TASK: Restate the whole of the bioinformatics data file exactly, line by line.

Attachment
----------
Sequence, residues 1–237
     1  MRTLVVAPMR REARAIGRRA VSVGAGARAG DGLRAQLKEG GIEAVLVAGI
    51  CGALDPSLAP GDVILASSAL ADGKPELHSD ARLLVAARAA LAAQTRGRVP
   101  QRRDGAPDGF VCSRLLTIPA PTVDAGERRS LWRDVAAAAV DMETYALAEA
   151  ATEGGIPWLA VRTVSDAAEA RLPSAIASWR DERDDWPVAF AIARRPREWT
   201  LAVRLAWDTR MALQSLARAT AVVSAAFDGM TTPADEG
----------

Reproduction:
Sequence, residues 1–237
     1  MRTLVVAPMR REARAIGRRA VSVGAGARAG DGLRAQLKEG GIEAVLVAGI
    51  CGALDPSLAP GDVILASSAL ADGKPELHSD ARLLVAARAA LAAQTRGRVP
   101  QRRDGAPDGF VCSRLLTIPA PTVDAGERRS LWRDVAAAAV DMETYALAEA
   151  ATEGGIPWLA VRTVSDAAEA RLPSAIASWR DERDDWPVAF AIARRPREWT
   201  LAVRLAWDTR MALQSLARAT AVVSAAFDGM TTPADEG